For some crazy reason Obama is giving Goldman Sachs the brunt of the credit for Amercia's need of financial reform. He was beating up on them pretty bad. Not sure what makes goldman any worse than the other Co's? Goldman Sachs, just happens to own 10% of the CCX. Take the fall and we'll let you in on the deal?
    Another 10% owner of the CCX is Al Gores Generation Investment Management. Might be a good idea to not make money of global warming if you want people to believe it, eh Al? Also in Al's GIM group is David Blood, Mark Ferguson and Peter Harris who are all Goldman Sachs executives.
    I am sure its all coincidnece

    Now I am the silly nut, but hey someones gotta do it!

  23. As a libertarian I take umbrage to your holding the status quo over our heads.

    It is quite clear that global warming is a damnable lie. The entire scientific community has been corrupted by it.

    Who's responsible you ask?


    We libertarians have been fighting their machinations for years, but do you lefties care?

    Of course not.

  24. Jim Fisher:

    And that would hypothetically explain the scientific consensus being fabricated how? Remember, you don't need a conspiracy theory that explains why Obama would support a different partisan interest than Cheney; you need a conspiracy theory why thousands of scientists whose idea of lasting fame is to be known as the guy/gal who presented convincing evidence that shattered an established theory would all unanimously say that global warming happens and is man-made if it weren't.

    Quite apart from that, the only issue that could ever be reasonably discussed anyway is the A of AGW, because that the GW happens is shown by just comparing photos of glaciers from 100 years ago with those glaciers today.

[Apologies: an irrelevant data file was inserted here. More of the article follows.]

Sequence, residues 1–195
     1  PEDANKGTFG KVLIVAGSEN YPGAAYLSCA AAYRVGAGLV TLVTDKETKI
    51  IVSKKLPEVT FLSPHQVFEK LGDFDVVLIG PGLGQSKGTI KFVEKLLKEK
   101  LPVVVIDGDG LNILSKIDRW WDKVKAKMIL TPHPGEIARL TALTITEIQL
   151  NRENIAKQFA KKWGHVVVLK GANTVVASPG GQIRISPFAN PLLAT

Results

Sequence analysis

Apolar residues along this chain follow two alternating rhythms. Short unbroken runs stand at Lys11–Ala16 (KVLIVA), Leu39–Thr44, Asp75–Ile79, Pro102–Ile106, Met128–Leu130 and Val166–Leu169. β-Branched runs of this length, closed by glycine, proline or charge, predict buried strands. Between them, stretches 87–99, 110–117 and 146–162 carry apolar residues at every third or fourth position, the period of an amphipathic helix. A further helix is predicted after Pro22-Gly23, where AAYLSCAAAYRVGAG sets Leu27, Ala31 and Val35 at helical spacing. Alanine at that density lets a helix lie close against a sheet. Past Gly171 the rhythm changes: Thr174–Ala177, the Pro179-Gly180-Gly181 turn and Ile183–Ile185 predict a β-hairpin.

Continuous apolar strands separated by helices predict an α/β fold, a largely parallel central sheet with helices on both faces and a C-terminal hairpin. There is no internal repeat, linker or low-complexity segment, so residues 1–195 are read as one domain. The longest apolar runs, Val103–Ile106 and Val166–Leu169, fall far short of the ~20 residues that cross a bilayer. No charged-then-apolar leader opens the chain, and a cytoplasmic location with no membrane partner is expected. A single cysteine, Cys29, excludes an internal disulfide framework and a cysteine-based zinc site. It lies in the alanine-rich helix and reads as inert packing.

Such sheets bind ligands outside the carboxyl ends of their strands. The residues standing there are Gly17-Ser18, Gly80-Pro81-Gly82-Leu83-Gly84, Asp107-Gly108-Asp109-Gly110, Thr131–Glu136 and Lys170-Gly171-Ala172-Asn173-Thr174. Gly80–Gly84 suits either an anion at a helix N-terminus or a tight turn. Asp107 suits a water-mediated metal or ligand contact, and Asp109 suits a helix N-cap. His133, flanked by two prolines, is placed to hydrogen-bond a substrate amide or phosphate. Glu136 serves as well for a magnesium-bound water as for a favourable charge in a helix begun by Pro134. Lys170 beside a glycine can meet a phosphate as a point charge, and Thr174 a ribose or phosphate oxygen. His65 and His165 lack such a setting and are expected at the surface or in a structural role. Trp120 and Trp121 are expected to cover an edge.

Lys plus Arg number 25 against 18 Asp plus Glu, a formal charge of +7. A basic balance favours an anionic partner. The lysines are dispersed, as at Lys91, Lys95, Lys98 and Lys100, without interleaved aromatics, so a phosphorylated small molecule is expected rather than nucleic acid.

25. "A political ideology is a very handy thing to have. It's a real time-saver, because it tells you what you think about things you know nothing about." - Hendrik Hertzberg

    I've noticed for some time now the remarkable parallel thinking involved with creationism and global warming denialism. Both groups of pseudoskeptics consider the scientific consensus and community to be part of a communist/atheist conspiracy to deny the authority of their most cherished belief, i.e. God and The Market. Both use the same intellectual dishonest tactics such as quotemining and the useage of bogus lists of "scientific" dissent.

    Where as creationists disbeive evolution because they undermines belief in God, a.g.w denialists believe that global warming undermines the infallibity of "the market" which can do no wrong ... By definition, anything that turns a profit is good.

  26. I think Steven Colbert (in character, of course) most accurately portrays what would logically be the libertarian position on climate change, which is that he "believes that global warming is real because Al Gore's movie made money".

    It's a joke, of course, but more on point with libertarian philosophy than the complete and utter denial of something, just because it's a hard truth to swallow.

    If these guys like to postulate about being "free-market capitalists", then doesn't the massive private and public monetary investment into greener technologies have to inform their position?